With zonal NEG backends, it's more difficult to determine the exact number of health check probes. For example, the same endpoint can be in multiple zonal NEGs. Those zonal NEGs don't necessarily have the same set of endpoints, and different endpoints can point to the same backend.
Destination for probe packets
The following table shows the network interface and destination IP addresses to which health check probers send packets, depending on the type of load balancer.
For network load balancers and internal TCP/UDP load balancers, the application must bind to
the load balancer's IP address (or any IP address
|Load balancer||Destination network interface||Destination IP address|
||Primary network interface (
|Network load balancer||Primary network interface (
||The IP address of the external forwarding rule.
If multiple forwarding rules point to the same backend service (for target-pool based Network Load Balancings, the same target pool), Google Cloud sends probes to each forwarding rule's IP address. This can result in an increase in the number of probes.
|Internal TCP/UDP load balancer||
The network interface of the instance located in the network specified
for the internal backend service. If not specified, the primary network
For more information, see Backend services and network interfaces.
|The IP address of the internal forwarding rule.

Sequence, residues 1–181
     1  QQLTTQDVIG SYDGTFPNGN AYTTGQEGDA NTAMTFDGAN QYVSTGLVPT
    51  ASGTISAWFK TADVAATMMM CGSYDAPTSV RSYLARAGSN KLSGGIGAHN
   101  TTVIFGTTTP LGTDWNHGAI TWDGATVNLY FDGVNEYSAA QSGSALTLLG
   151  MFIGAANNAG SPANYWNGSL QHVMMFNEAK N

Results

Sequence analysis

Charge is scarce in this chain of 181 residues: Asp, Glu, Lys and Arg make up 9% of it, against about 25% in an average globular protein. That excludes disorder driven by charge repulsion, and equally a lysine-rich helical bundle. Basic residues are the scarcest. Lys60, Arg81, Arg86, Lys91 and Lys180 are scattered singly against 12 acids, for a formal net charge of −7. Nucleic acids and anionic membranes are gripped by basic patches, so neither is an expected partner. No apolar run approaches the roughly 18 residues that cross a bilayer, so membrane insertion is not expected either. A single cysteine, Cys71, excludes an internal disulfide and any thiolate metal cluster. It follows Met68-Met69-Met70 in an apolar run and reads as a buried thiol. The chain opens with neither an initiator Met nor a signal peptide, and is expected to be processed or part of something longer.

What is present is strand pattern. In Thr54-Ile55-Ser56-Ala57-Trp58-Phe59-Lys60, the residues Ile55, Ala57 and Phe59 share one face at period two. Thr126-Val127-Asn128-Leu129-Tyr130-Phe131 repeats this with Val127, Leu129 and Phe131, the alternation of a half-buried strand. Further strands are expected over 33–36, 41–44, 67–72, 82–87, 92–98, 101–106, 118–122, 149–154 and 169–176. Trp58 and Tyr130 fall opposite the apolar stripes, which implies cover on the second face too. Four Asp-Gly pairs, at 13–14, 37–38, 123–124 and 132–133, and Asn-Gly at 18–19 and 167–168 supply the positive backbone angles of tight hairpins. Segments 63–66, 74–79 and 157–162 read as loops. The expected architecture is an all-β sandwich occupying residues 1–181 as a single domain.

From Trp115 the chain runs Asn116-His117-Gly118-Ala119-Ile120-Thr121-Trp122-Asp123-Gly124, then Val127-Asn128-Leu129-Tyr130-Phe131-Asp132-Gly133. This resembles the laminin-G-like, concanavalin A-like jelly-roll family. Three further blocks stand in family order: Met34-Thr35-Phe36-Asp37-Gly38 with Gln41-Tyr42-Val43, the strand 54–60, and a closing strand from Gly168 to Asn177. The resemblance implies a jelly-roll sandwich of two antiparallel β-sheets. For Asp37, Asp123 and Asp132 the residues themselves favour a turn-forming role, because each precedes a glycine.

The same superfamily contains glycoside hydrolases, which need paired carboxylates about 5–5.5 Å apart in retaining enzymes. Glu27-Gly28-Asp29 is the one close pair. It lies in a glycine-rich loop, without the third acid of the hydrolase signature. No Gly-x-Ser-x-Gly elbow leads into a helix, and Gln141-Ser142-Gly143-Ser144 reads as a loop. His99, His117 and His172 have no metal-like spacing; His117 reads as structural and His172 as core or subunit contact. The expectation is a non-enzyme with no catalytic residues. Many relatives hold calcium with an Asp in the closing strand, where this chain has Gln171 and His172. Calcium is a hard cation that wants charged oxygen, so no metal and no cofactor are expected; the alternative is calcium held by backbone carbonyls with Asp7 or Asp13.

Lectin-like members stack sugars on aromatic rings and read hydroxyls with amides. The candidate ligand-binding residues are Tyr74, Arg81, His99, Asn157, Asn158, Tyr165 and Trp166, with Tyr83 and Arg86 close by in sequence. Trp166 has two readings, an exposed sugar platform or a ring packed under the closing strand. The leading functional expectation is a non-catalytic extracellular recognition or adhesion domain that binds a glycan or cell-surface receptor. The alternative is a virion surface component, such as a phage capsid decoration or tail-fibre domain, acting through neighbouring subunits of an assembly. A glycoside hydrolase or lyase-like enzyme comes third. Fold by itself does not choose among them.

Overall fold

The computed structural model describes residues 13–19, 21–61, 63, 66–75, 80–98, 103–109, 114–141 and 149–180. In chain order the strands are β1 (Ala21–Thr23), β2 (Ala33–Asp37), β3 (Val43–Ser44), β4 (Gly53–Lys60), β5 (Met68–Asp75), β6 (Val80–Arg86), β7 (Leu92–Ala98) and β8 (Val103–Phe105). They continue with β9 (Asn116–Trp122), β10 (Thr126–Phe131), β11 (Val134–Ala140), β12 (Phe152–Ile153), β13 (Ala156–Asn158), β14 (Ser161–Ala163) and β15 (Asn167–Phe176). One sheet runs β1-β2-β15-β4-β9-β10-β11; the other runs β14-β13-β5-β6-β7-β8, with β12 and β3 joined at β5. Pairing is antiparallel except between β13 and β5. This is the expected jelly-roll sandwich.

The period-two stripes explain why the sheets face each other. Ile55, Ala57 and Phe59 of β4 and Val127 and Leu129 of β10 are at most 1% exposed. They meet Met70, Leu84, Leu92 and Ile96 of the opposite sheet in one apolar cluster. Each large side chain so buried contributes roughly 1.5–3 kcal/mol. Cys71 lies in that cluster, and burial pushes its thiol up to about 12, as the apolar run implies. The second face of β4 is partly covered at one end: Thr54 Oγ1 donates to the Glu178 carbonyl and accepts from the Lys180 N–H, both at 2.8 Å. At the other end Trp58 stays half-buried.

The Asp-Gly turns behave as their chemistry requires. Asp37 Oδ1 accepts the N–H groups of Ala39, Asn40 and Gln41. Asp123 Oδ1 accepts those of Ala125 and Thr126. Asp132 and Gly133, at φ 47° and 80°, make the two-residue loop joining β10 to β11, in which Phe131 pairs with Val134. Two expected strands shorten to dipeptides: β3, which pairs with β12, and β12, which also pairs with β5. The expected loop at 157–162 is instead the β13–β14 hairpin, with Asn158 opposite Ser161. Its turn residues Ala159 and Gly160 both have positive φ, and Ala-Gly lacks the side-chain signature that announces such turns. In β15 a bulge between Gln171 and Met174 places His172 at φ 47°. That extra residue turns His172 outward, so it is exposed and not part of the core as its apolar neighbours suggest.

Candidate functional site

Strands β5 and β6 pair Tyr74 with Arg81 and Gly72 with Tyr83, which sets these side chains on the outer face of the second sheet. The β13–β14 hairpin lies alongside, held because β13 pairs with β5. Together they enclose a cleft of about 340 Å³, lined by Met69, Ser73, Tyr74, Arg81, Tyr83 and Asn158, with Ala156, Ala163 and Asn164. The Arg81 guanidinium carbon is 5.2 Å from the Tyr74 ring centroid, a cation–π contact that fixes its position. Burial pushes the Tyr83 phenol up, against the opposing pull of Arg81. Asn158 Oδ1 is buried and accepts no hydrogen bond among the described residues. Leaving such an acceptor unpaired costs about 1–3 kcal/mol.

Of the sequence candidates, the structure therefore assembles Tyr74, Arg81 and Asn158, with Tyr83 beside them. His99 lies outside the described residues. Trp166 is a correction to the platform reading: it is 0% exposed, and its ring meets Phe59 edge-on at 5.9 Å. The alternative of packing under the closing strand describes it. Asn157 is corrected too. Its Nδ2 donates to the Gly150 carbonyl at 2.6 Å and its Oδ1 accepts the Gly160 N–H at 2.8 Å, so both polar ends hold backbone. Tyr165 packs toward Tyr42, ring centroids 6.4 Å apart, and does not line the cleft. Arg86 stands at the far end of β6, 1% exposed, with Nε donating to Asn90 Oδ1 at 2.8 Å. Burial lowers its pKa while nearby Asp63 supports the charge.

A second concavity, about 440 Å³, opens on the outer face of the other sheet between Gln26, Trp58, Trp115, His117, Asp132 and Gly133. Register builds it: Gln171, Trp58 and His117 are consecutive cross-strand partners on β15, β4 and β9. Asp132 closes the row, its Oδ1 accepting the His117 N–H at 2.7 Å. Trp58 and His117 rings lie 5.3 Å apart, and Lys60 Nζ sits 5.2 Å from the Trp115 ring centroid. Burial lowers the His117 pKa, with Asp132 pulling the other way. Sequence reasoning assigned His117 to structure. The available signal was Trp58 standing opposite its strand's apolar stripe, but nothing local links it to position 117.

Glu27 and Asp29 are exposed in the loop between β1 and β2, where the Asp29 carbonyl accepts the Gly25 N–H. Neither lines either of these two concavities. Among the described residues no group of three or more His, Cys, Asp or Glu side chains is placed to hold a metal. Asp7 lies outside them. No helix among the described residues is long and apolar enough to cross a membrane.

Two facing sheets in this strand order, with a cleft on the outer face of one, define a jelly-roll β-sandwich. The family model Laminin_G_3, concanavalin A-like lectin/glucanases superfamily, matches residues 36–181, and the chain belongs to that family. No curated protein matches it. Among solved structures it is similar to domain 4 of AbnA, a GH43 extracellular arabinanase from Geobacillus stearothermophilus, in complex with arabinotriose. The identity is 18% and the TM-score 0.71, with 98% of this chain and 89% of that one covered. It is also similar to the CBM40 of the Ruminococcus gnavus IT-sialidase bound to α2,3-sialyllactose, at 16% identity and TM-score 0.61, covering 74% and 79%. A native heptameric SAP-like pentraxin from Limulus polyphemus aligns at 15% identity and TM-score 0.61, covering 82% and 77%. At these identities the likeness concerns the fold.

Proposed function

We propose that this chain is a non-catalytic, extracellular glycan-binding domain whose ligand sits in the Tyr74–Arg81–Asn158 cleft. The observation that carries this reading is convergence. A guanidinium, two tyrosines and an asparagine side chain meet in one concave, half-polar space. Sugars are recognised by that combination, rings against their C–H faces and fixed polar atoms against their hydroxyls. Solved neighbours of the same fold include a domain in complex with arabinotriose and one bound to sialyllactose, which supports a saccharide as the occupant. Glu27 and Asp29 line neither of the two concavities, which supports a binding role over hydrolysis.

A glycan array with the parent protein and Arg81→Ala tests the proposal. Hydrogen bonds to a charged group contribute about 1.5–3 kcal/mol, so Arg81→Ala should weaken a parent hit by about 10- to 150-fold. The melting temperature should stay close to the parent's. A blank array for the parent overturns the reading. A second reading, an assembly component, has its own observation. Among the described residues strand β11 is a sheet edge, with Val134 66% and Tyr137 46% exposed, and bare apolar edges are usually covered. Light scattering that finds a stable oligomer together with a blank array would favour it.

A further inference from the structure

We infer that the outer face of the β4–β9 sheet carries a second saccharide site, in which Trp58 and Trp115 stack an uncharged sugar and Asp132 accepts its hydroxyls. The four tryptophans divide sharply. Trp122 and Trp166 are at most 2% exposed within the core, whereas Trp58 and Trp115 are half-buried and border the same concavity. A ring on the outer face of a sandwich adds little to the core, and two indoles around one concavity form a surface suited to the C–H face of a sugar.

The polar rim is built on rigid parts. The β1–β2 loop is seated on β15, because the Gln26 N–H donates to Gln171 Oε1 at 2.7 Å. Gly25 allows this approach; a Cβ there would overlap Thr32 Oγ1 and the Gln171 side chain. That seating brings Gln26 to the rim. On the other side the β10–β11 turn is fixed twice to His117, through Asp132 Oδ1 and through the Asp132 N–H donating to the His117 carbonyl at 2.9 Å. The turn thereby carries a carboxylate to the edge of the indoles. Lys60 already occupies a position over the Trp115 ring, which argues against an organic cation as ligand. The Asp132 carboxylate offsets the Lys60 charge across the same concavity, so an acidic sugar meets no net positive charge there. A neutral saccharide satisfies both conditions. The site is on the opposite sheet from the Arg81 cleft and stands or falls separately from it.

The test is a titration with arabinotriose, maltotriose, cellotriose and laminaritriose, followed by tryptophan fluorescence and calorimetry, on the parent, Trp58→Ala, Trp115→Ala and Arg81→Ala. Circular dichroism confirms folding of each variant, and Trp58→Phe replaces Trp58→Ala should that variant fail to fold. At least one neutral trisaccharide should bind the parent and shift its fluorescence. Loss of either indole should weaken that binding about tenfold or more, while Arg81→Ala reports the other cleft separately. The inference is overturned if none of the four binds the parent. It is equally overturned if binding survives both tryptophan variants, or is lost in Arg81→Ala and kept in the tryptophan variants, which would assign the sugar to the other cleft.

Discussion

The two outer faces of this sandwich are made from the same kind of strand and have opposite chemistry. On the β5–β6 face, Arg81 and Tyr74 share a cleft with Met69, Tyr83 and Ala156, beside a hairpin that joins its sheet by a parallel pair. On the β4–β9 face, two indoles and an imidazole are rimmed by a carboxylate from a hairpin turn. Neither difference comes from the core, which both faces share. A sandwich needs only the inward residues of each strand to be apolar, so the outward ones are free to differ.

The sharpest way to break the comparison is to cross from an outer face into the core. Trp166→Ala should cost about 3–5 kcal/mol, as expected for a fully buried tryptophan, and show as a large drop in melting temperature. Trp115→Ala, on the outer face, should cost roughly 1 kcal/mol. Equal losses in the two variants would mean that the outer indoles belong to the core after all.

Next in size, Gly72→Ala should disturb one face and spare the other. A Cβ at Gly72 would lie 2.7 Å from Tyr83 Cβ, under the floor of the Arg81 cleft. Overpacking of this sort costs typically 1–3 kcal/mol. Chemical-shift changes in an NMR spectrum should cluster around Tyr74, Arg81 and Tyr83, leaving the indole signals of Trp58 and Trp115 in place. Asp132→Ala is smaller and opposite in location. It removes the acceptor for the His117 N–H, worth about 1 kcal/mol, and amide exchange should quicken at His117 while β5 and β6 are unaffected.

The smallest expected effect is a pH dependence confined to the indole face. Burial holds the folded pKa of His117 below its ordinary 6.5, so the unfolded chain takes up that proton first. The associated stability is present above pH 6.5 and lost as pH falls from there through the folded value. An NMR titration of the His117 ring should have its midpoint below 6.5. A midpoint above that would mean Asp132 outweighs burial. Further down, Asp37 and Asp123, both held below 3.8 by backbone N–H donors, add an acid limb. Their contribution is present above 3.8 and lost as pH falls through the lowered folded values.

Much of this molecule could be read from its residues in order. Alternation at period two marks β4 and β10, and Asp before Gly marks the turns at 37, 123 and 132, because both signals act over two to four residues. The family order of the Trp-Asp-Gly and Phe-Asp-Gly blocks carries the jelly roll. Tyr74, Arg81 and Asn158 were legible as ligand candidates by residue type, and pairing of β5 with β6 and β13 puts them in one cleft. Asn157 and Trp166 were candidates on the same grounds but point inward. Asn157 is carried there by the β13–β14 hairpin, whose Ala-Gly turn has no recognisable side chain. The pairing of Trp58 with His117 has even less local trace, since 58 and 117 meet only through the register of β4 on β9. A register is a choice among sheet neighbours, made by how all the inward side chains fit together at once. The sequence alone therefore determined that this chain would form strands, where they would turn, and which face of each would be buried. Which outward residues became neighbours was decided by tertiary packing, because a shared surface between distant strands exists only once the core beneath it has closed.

If multiple forwarding rules point to the same backend service, Google Cloud sends probes to each forwarding rule's IP address. This can result in an increase in the number of probes.
Success criteria for HTTP, HTTPS, and HTTP/2
When a health check uses the HTTP, HTTPS, or HTTP/2 protocol, each probe
HTTP 200 (OK) response code to be delivered before the probe
timeout. In addition, you can do the following:
You can configure Google Cloud probers to send HTTP requests to a specific request path. If you don't specify a request path,
If you configure a content-based health check by specifying an expected response string, Google Cloud must find the expected string within the first 1,024 bytes of the HTTP response body.
The following combinations of request path and response string flags are available for health checks that use HTTP, HTTPS, and HTTP/2 protocols.
|Configuration flag||Success criteria|
||Specify the URL path to which Google Cloud sends health check
If omitted, Google Cloud sends probe requests to the root path,